By Johna Autencio
“When you get what you want, what do you want?”
Firstly, audiences will strongly think for days about how to answer this question from writer/director William Monahan’s Mojave; otherwise, we are rewarded with a film that makes Oscar Isaac (Ex Machina, Star Wars: The Force Awakens) one of the most underrated, but talented and smart actors to come across the silver screen in a while.
Playing a supporting role alongside two-time co-star Garrett Hedlund (Pan, Tron), Mojave, pronounced as “Mo-hah-vee”, takes on a satirical behind the scenes look at the life of a washed-out and suicidal Hollywood actor (Hedlund), who goes to the Mojave Desert “looking for something,” which could mean anything at this point.
There, he encounters a possible serial killer, played by Isaac. They have a sit-down conversation in front of a bonfire, that does not end well, thus the game of “cat and mouse” begins. The hour and a half film is basically committed to Isaac stalking Hedlund’s character and threatening to kill those whom are close to him, himself included. But what obviously starts in the desert, ends in the desert, meaning that it’s clearly predictable as to who will be the last man standing.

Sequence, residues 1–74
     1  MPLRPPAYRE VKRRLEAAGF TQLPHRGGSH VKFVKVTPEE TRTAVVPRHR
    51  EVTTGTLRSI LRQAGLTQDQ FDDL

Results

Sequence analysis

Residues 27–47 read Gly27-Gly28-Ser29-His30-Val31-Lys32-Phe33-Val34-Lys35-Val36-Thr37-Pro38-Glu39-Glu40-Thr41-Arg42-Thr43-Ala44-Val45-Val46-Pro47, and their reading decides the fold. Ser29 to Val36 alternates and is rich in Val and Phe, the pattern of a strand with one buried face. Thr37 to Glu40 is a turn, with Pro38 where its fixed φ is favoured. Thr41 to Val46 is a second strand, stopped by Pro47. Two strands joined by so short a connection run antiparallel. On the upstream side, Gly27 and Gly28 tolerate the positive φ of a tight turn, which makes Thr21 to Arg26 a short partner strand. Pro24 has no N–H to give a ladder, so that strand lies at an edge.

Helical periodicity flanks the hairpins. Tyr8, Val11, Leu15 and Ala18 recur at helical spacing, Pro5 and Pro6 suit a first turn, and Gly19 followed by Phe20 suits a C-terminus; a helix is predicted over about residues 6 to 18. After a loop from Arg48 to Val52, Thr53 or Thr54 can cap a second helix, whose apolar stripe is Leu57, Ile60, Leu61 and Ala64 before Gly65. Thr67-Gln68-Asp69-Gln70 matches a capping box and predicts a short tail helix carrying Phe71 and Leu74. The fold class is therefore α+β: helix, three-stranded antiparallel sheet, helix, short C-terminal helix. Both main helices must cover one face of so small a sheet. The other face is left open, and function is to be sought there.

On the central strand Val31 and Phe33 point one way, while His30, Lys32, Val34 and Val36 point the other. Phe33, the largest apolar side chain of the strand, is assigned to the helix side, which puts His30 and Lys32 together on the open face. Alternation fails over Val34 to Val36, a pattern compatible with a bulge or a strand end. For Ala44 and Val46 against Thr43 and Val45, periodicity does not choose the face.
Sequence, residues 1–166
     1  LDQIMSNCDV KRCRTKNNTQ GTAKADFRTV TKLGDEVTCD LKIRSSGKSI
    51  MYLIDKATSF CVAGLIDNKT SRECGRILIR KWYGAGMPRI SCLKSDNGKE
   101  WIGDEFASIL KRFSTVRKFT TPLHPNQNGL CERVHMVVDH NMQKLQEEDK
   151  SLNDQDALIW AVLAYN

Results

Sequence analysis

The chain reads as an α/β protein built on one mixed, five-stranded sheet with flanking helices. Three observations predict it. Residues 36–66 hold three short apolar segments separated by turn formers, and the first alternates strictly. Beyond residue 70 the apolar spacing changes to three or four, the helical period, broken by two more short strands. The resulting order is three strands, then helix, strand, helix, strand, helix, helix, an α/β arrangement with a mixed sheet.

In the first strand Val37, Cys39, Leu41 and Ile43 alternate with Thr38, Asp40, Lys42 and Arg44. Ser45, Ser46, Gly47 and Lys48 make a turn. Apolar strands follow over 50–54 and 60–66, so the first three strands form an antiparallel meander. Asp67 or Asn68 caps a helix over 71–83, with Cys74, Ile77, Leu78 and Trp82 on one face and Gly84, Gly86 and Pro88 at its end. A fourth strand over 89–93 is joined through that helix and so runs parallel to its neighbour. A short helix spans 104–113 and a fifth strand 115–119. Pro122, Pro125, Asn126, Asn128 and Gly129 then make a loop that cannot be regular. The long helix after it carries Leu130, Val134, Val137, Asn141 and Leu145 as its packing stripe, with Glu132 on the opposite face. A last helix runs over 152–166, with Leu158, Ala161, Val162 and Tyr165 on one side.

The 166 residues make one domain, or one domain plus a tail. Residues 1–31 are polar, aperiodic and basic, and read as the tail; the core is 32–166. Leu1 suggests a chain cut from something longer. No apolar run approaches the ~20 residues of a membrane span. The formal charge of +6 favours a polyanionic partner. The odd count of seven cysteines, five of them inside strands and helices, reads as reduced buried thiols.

If it wasn’t for the ill-defined dialogue, especially from Isaac’s performance, everything else about this film had nothing else to offer. In fact, Isaac’s performance alone is the best part about this film because his character is like a child who sets his eye on a prize and won’t give up until he is rewarded, which is taking Hedlund’s life.
Everything else about this film is clearly unrealistic in a sense that if someone is being stalked, especially those that are in the public eye, the first instinct would be to call the authorities. However, Hedlund’s character would rather call his colleague, therefore creating the satirical take on the life of a Hollywood actor.
Mojave is now released at the Carleton Theatre and available on VOD today.